Claudine Fernandez, Volunteer Writer, SCC
Imagine walking into the South Central Community Family Service Centre (SCC) and seeing a young boy leading a discussion among his peers on goal setting for examinations. That boy could very well be Shafiq, a bright 14-year-old boy with leadership potential. He lives with his father, Mr. Roslee, in a one room HDB flat in the neighborhood. His mother had left the family when he was very young and as such, he has developed a very close bond with Mr. Roslee.
Naturally, Shafiq was devastated when he found out that his father was diagnosed with cancer a few years ago after falling ill multiple times and being admitted to the hospital. This happened in the same year that Shafiq was sitting for the PSLE examination.
His father’s health condition, coupled with the stress of taking the PSLE examination and transitioning to life in a secondary school, took a toll on Shafiq’s emotional well being. He became a very angry boy who did not want to open up to anyone.
One day, Mr. Roslee came to the centre to ask for help. Everyday, both father and son lived in fear that something might happen to Mr. Roslee and he wanted Shafiq to be able to contact the centre should their fears come true.
The social workers from the centre tried desperately to find the mother, in the hopes that she would look after Shafiq when it became necessary. However, she could not be contacted. Shafiq’s aunts and uncles were also not ready to take him in.
Mr. Roslee’s condition continued to deteriorate despite the medical attention he was receiving and he was soon unable to work. As a result, they could not afford regular meals.
The social workers from the centre then decided to approach the Lim family for help as they lead reasonably comfortable lives. When Mr. Lim heard Mr. Roslee and Shafiq’s story, he felt for the boy, having three sons himself. He wanted to help in any way he could.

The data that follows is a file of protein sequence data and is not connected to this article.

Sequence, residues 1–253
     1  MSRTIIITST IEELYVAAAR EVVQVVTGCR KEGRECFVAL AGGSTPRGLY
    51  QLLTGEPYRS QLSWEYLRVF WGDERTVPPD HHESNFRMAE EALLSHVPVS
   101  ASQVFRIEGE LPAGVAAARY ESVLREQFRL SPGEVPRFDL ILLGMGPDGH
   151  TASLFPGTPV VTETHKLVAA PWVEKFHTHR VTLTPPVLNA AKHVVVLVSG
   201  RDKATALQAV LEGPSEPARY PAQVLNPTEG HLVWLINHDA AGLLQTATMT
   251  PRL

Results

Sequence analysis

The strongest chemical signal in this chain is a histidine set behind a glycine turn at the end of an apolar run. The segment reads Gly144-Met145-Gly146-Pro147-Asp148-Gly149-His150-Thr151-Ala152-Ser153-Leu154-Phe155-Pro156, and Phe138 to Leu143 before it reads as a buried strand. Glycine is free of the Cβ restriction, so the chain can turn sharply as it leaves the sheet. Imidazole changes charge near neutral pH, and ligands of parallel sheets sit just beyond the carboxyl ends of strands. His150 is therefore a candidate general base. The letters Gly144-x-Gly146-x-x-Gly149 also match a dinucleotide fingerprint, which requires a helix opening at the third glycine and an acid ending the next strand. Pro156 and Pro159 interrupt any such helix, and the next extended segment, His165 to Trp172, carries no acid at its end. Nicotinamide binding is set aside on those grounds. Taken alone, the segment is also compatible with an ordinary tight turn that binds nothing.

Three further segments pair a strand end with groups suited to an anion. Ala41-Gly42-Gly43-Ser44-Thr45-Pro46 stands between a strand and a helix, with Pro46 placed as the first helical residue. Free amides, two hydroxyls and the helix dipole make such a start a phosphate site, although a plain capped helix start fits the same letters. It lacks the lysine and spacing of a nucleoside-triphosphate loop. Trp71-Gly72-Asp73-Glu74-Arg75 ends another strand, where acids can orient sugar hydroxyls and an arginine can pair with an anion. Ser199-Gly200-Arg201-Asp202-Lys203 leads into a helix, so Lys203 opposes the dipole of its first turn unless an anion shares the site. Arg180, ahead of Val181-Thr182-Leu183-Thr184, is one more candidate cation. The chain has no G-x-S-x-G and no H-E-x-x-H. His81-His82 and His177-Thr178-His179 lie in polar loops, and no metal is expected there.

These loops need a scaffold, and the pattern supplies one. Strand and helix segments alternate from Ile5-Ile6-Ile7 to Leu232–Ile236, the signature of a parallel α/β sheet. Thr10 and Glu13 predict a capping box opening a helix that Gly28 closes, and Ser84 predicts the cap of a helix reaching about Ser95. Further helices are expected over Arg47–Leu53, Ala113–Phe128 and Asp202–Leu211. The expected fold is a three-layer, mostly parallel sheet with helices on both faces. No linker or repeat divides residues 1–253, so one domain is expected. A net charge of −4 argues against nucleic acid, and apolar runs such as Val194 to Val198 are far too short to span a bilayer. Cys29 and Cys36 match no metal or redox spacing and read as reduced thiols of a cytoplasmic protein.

Soon, Mr. Lim and their eldest son met Shafiq and Mr. Roslee over a meal organised by the workers from the centre. Over the course of their conversation, Mr. Roslee asked Mr. Lim why he was willing to help him and Shafiq.
Mr. Lim replied, “I want to help because I’ve gone through hardship in my life. I know how it is like to struggle. Now that I have a good life, I want to help others. I hope my children can learn from this.”
“All I am worried about is my son having regular meals,” Mr. Roslee revealed.
Mr. Lim reassured Mr. Roslee that he would set aside an amount of money for this but was quick to remind him, “This is not to say that Shafiq does not need you. He still needs you to fight for your life because no one can replace you.” Mr. Roslee was grateful and relieved that Shafiq would be taken care of even when he was no longer able to provide for him.
Shafiq got along well with Mr. Lim’s eldest son, Ryan, and they bonded over similar interests like soccer. Ryan also coaches Shafiq in mathematics at times. Additionally, Mr. Lim has also taught Shafiq the value of saving money by coming up with a savings plan for him. As a result, Shafiq was able to buy himself a brand new scooter recently with the money he has saved.
Today, with such support from the Lim family, his friends and the members of the centre, Shafiq’s attitude has improved tremendously. Although, life is still challenging and uncertain for him, he is adjusting well in his secondary school and remains an active member of the centre.